Nobody wins anything in this week’s episode of The Walking Dead: Dead City
. Maggie (Lauren Cohan) tries and fails to locate Hershel (Logan Kim), Amaia (Karina Ortiz) and Tommaso (Jonathan Higginbotham) lose a number of their people to walkers because they don’t use an obvious means of escape, Negan (Jeffrey Dean Morgan) saves Perlie Armstrong (Gaius Charles) only to be arrested by him moments later, and the Croat (Željko Ivanek) - like the viewers - finds his old mentor a bewilderingly changed man. The episode positions everyone for how the season will ultimately play out, and there is a lot of movement, including a dramatic fight scene in an arena filling rapidly with walkers. There are explosions and haunting choral numbers, lots of jaw clenching and many charged stares. Children, and parenthood, are central to the episode’s themes.
“Kids,” Simon (Steven Ogg) barks at the Croat during the opening flashback, “is a line we do not cross. We all know that.” I sighed, while also wincing at his grammar. Kids are a line the Saviors crossed at Hillside when they beat a sixteen-year-old to death, a line Simon himself crossed, slaughtering the boys at Oceanside without repercussion, and a line Negan crossed when he tried to crush Carl Grimes (Chandler Riggs)’ skull like an eggshell in the season 7 finale of The Walking Dead
. The opening scene of “Everybody Wins a Prize” is vigorously, determinedly revisionist. To be fair, the franchise has worked hard at Negan’s redemption for years and thrown unfortunates such as his now-abandoned wife Annie (Medhina Senghore) into the mix, purely in the interests of softening his character. Annie’s brutal beating and gang rape were written to allow Negan a sorrowful sigh, a flicker of the lashes that might imply tears as he told Maggie the fate of his wife. If nothing else, The Walking Dead
’s sheer doggedness in their quest for his redemption should be acknowledged.
When AMC cast Jeffrey Dean Morgan in The Walking Dead
’s sixth season, they must have popped open the champagne. Handsome, charming on screen, an actor with impressive range, Morgan made Negan instantly unforgettable in every aspect, from his physicality to his manner of speech. The villain was more terrifying than those who preceded him, because he was such a potent mix of charisma and psychopathy. He could read his audience and perform to their worst fears; he had complete control over his people. And his signature weapon was both gory and, in a deliciously sick touch, named after his late wife.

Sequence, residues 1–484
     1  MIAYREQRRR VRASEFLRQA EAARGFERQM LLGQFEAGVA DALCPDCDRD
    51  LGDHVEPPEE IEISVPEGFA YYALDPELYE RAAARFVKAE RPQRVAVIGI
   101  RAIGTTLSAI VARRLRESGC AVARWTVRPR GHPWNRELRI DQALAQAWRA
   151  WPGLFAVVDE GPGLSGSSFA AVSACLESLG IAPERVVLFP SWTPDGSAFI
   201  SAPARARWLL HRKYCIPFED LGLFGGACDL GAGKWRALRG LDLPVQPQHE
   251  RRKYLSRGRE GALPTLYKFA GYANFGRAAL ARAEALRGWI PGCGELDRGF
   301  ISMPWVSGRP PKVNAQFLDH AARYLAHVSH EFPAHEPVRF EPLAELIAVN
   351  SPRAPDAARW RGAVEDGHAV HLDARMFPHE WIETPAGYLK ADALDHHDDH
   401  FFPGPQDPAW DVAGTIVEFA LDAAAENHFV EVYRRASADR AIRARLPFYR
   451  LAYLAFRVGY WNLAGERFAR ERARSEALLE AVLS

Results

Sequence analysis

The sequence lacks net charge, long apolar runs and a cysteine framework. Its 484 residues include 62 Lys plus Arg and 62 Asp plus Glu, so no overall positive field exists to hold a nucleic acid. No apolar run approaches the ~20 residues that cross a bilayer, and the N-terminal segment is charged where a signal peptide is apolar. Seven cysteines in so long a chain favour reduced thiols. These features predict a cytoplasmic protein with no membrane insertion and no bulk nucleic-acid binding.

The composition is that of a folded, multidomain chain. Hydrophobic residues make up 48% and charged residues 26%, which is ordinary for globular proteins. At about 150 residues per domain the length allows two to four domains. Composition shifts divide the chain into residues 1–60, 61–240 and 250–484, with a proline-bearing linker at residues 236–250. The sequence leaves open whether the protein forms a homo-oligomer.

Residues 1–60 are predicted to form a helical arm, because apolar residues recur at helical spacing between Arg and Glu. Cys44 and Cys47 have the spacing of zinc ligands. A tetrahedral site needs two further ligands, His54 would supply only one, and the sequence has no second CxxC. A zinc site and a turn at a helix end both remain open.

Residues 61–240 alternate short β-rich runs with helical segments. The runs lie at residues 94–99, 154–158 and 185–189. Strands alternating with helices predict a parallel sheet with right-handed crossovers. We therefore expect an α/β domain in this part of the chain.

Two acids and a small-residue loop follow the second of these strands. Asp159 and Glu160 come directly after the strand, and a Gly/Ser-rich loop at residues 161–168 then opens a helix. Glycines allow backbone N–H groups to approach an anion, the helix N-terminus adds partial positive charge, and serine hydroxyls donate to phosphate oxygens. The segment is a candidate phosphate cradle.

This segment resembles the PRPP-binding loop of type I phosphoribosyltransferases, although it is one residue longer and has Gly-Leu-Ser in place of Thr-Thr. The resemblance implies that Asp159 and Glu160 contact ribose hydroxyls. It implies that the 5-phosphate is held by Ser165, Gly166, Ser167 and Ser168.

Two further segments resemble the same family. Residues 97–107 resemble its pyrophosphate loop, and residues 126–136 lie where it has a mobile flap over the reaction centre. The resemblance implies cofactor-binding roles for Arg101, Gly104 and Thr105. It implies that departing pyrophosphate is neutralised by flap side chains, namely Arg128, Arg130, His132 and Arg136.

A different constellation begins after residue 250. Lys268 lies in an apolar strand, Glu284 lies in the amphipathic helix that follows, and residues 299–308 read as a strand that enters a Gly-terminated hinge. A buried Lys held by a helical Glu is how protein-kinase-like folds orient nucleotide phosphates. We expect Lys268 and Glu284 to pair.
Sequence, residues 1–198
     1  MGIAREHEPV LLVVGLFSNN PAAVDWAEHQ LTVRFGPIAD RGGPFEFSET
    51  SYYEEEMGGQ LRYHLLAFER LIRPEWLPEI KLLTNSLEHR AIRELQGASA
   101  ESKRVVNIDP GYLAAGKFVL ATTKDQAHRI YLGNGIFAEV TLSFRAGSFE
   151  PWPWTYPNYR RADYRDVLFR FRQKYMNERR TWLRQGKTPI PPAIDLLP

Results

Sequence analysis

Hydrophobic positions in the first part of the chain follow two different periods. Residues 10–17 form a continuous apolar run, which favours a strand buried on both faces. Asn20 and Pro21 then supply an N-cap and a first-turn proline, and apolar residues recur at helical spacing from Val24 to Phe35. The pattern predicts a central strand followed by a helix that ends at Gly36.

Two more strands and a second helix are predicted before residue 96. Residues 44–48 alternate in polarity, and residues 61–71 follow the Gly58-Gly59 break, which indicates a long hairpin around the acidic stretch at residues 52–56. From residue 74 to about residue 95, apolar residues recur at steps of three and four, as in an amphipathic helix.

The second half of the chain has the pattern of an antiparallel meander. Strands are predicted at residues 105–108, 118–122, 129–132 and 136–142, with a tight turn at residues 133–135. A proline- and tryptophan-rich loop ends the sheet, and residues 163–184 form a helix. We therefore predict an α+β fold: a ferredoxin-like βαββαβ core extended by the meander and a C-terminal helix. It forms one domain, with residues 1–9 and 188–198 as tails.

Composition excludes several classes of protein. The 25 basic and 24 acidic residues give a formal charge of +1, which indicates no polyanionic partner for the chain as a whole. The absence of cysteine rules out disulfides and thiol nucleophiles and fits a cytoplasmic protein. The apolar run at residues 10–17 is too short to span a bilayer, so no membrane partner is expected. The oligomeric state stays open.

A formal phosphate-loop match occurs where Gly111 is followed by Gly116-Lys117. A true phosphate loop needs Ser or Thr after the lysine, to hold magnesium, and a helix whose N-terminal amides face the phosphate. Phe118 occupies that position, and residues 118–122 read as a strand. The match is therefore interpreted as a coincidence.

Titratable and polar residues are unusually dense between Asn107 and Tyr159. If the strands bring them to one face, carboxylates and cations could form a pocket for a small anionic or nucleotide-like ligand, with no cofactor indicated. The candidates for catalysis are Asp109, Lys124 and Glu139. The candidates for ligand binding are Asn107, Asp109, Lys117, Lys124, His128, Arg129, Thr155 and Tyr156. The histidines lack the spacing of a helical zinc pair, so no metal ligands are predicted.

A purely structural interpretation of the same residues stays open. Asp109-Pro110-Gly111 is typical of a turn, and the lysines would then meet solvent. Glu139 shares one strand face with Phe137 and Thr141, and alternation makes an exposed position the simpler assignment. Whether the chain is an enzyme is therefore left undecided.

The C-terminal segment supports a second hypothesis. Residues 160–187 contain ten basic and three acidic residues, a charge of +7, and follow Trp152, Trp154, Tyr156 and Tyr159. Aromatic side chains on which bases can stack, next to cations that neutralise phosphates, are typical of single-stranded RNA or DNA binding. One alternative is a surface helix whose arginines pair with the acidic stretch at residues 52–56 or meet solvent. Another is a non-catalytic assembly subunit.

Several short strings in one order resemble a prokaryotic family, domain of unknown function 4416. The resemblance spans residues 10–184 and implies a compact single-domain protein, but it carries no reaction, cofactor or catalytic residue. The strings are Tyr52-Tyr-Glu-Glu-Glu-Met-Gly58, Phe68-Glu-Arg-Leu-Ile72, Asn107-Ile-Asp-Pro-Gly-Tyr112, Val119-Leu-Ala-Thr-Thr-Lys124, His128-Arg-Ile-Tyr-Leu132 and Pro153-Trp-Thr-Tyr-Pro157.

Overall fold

But villains, in The Walking Dead
as in most fiction, must meet one of two fates: death or redemption. And for Negan, the most openly sadistic of any antagonist in the universe, the powers that be chose redemption. Maybe they fancied a challenge. Maybe they were reluctant to lose an actor of Jeffrey Dean Morgan’s caliber to the outcome that, frankly, made the most sense for his character. Whatever the case, the franchise finds itself, in Dead City
, relying more and more on the goldfish memory of the audience to further its aims. Negan is a murderous psychopath who tried to kill Carl Grimes? No, he isn’t, he didn’t, he clearly loves children. The Walking Dead
keeps putting them in his path because they’re a quick route to absolution: Judith (Cailey Presley Fleming), Lydia (Cassady McClincy), and now Ginny (Mahina Napoleon)—all young women, to counter the uncomfortable knowledge that Negan coerced other